05 August, 2021

Never There Genius

After 15 years in world cricket, his image, sadly, is one of a giant who never rose to his full Carribbean stature.

Never There Genius
As Carl Hooper (when 37 in his maiden match for the West Indies) played a casual shot and fell lbw to Kapil Dev in the December 1987 Bombay Test vs. India, Tony Cozier remarked, in an aside, that the man was ‘not there’ as he was anxiously awaiting news about his live-in girl-friend delivering their first baby. Hooper’s penchant for driving his admirers to distraction has remained the distinguishing trait of his cricket since. His aura abides as one of the most cultured stroke-players in the game, if delightfully vulnerable at all times. Carl Llewellyn Hooper is to the West Indies what V.V.S. Laxman is to India. Hooper’s signal failure has been to accord the genius inherent in him such recognition. In the style he brings to his batting and captaincy, Hooper is a lugubriously laidback reminder of Mansur Ali Khan Pataudi and Mohammed Azharuddin.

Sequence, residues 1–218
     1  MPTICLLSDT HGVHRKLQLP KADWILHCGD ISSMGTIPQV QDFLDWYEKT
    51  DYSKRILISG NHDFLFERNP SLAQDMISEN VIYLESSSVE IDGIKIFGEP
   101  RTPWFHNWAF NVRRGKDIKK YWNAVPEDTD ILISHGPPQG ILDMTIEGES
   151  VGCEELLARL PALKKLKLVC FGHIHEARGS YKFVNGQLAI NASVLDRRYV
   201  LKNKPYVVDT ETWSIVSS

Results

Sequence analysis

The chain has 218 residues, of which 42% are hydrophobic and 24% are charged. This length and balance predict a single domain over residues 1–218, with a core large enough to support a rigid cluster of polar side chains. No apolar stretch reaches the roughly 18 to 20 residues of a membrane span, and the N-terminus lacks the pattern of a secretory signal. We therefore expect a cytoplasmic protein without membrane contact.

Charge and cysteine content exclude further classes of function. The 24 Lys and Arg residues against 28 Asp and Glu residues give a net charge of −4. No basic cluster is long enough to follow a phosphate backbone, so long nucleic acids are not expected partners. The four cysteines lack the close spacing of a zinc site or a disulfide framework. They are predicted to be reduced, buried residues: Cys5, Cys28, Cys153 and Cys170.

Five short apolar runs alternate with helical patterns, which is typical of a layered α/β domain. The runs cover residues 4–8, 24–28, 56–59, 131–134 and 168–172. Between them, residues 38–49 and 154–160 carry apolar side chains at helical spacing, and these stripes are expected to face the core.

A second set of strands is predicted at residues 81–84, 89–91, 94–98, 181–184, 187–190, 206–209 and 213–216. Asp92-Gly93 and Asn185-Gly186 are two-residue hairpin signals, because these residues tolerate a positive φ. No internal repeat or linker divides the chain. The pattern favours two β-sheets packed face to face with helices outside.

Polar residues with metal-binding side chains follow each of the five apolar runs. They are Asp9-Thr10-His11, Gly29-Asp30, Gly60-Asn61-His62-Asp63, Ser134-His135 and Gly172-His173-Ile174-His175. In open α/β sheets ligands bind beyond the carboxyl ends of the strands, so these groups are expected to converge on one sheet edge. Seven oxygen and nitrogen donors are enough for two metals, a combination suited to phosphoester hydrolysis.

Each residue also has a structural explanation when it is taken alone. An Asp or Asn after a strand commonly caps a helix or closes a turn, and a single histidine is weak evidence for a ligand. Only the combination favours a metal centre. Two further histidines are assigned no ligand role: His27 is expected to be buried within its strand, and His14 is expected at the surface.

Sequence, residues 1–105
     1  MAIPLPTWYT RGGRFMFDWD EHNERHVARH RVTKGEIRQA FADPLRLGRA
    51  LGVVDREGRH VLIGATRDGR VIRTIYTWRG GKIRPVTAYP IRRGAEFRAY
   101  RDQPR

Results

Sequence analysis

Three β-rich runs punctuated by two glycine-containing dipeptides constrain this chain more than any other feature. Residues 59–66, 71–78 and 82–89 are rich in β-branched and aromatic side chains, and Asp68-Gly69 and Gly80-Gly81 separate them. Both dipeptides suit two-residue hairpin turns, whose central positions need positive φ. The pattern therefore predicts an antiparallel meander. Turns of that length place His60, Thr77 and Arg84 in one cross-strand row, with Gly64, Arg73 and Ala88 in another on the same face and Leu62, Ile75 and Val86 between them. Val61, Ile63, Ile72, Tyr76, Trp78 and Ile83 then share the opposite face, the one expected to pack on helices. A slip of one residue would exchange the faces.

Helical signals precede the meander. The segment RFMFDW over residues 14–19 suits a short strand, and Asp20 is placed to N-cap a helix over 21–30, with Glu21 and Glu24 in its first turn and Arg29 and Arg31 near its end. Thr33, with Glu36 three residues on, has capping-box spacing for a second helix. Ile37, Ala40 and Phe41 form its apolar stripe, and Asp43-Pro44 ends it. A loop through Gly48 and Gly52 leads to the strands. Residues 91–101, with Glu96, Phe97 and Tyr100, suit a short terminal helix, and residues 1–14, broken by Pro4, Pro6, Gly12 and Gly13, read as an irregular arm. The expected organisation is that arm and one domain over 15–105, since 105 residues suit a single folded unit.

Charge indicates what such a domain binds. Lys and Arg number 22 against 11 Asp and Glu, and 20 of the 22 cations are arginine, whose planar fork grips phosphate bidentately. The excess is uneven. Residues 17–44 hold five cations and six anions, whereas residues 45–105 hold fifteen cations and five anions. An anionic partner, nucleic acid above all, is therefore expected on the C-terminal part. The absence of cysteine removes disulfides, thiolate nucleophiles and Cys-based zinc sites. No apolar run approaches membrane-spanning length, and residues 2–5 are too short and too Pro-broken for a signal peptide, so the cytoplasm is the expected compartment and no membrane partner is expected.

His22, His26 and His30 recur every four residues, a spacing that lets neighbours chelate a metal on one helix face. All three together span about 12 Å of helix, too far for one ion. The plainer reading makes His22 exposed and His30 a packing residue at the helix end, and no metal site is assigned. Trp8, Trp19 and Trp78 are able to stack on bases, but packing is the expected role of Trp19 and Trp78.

For the latter two, cricket was always a game, never war. Hooper, likewise, is the quintessential amateur in an era of ruthless professionalism. Even today, Hooper looks a world-beater when the mood seizes him. Like most batsmen...

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